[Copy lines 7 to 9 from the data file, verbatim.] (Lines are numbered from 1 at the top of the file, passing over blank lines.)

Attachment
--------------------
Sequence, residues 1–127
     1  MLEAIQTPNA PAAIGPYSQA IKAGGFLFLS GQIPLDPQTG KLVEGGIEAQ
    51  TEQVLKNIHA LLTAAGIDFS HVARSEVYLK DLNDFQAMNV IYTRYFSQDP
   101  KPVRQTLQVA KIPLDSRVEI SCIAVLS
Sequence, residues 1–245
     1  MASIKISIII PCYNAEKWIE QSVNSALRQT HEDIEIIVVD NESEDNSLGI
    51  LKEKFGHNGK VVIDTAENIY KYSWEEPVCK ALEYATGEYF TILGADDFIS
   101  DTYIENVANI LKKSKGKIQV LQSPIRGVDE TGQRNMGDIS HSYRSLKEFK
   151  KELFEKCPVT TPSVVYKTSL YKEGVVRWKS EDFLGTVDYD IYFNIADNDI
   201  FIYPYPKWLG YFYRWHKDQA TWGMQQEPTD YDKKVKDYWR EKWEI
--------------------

    51  LKEKFGHNGK VVIDTAENIY KYSWEEPVCK ALEYATGEYF TILGADDFIS
   101  DTYIENVANI LKKSKGKIQV LQSPIRGVDE TGQRNMGDIS HSYRSLKEFK
   151  KELFEKCPVT TPSVVYKTSL YKEGVVRWKS EDFLGTVDYD IYFNIADNDI